Cruisin’ with Corona: The Excursion They Didn’t Pay For
June 2020 Issue
by Rinsha Ballani
Photography (top) by Christian Lee
On February 20, 2020 in San Francisco, California, Nancy LaPointe embarked on the Grand Princess cruise ship with her husband Jim for a 15-day adventure through the islands of Hawaii. Being long-time cruise-goers, this trip’s route was familiar to them, and they were thrilled to be cashing in on certain amenities they had earned over the years; most excitingly, she was ready to enjoy a large balcony. Unbeknownst to Nancy, she was going to be spending a lot more time on her balcony than originally planned. As Nancy and her husband were reveling in the excursions of the cruise ship and of Hawaii, the novel coronavirus was beginning to penetrate the United States. Two days before the journey was set to end, Nancy and Jim began a new excursion that was not exactly one they paid for.
Nancy first noticed something was awry on the thirteenth day of the trip. “We headed to the breakfast buffet as usual. Nobody said anything, but everything was different. All the crew members wore gloves, served us our food themselves, including any coffee, tea, salt and pepper. We assumed it was norovirus, which is common on cruise ships. Later, after lunch, the captain of the ship came over the intercom and said, “ ‘We need to inform all of you that we have two confirmed cases of coronavirus aboard the ship. Everyone must immediately go back to their rooms and isolate themselves for the rest of our journey. Everything will be closed. We will not be making any more stops and are headed back to California.’”
Nancy and Jim’s ship stayed out at sea for an additional eight days, with plans changing numerous times a day. Their three meals were served outside of their door, and room service provided coffee, tea and fruit with a two-hour wait. When the ship was finally allowed to dock in Oakland at a freight port, they were at the port for two full days and the rules changed every time the captain came over the intercom. There was excitement, only for them to then be told they would be among the last to disembark.
While the uncertainty of what lied ahead caused frustration and anger in many, Nancy and Jim had a more uncommon outlook on the situation. “Worry is a waste of energy and time.” Having been a member of the U.S. Army and a two-time cancer survivor, the adventure of not knowing and being uncomfortable was not foreign to either Nancy or Jim.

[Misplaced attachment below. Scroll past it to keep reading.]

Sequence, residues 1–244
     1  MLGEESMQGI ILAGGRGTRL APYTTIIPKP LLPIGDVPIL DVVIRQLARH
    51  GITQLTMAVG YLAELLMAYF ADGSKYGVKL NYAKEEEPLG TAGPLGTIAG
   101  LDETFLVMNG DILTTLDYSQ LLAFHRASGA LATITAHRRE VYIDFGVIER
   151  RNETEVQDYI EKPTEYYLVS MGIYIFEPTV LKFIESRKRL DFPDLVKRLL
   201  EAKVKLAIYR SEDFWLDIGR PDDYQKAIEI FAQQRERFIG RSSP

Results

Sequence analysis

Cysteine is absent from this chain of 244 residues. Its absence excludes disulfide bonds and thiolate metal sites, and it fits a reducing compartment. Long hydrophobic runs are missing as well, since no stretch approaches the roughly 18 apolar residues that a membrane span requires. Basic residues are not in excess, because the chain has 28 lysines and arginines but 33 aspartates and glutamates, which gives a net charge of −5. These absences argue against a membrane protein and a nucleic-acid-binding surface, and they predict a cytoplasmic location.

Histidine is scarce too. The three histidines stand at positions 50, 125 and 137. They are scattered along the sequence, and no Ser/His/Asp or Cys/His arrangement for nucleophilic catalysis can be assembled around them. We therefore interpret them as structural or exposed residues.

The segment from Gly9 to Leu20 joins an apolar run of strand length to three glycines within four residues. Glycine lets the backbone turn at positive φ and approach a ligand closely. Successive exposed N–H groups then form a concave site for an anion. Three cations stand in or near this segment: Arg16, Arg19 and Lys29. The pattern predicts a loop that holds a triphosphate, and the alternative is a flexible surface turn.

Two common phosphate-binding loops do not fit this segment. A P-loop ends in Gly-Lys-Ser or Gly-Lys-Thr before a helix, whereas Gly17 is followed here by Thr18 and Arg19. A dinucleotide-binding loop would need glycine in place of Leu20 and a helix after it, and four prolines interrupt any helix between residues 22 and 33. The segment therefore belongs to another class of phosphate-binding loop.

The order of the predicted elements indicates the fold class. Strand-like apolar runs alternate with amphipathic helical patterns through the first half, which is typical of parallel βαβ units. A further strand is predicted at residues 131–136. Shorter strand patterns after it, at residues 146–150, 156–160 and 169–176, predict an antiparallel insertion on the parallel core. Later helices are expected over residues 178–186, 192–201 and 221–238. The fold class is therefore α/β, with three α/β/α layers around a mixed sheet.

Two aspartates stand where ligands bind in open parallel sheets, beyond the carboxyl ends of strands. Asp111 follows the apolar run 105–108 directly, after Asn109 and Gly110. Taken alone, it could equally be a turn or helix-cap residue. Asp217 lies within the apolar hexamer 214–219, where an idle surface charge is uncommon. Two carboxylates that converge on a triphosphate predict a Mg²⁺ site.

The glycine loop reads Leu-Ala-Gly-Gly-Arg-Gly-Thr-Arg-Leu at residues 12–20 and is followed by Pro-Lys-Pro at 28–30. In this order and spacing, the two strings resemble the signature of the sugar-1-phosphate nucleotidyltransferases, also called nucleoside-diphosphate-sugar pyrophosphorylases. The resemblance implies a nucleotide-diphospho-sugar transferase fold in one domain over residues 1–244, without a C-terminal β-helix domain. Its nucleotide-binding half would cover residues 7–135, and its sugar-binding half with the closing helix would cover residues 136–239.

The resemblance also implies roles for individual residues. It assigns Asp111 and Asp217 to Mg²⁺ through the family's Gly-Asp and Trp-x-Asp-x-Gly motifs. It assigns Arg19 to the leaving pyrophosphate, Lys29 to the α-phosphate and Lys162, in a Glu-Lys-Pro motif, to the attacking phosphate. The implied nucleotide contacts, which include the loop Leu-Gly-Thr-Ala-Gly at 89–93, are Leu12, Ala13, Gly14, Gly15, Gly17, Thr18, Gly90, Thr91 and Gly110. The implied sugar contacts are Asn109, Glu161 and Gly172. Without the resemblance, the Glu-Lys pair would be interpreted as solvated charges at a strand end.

“In 2011, I was diagnosed with bone marrow cancer. We went through this for almost three years, and were in the hospital together for 94 days, so it taught us a lot of patience. My radiation then gave me leukemia, and I beat that too. I wasn’t supposed to keep living, and each day I didn’t know if I would wake up the next. If you don’t expect anything, you’re never disappointed,” Nancy shared with a smile. “We’re old, so we can handle anything!”
Disembarking the Grand Princess, Nancy and Jim each held a carry-on bag to get them through the next 24 hours as instructed by the captain, as they headed to Lackland Air Force Base in Texas. They were put on a bus and transported to the airport, where they discovered the base was no longer accepting them. The couple boarded the flight to Dobbins Air Reserve Base in Marietta, Georgia, instead. As adventures go, though, their luggage headed to Texas without them. Nancy and Jim quarantined for 14 days on the base in barracks with minimal accessibilities and with guards around the entire enclosure so nobody would leave. The adventurous couple just focused on what they had power over. “We had a TV! And we were allowed packages, so Jim’s oldest son sent them a care package with the essentials and some nerf guns to entertain these two children at heart. After their quarantine, Nancy and Jim returned to their home on Hilton Head Island to quarantine yet another two weeks. A trip of 15 days became an entire seven-week adventure.
As said by Steven Furtick, a Charlotte, NC pastor, “Your perspective will either become your prison or your passport.” A virus that wreaked havoc over anyone's vacation is enough to get most people feeling trapped. Nancy is truly the epitome of what it means to take on learning something new at all times, and truly allowed this experience—and all of her life experiences—to serve as her adventures.
Celebrate: Nancy and Jim will soon be celebrating 40 years of marriage. While they have lived on Hilton Head Island for 16 years, they are both originally from Illinois. “When you can be together for 60 days straight and still be civil with one another, that’s how you know you’ve made it.”
Gratitude: “I want to shout out to so many people who supported us through this difficult time. Princess Cruises, as they did the absolute best they could, Clinique, Chik-fil-A and the Dobbins Air Reserve Base. They all went out of their way to make us comfortable and provide us with supplies.”
What’s Next: “My ultimate dream is to live on Hilton Head in the winters and a cruise ship in the summers. That hasn’t changed a bit. I’m still going to keep cruisin’ with Jim.”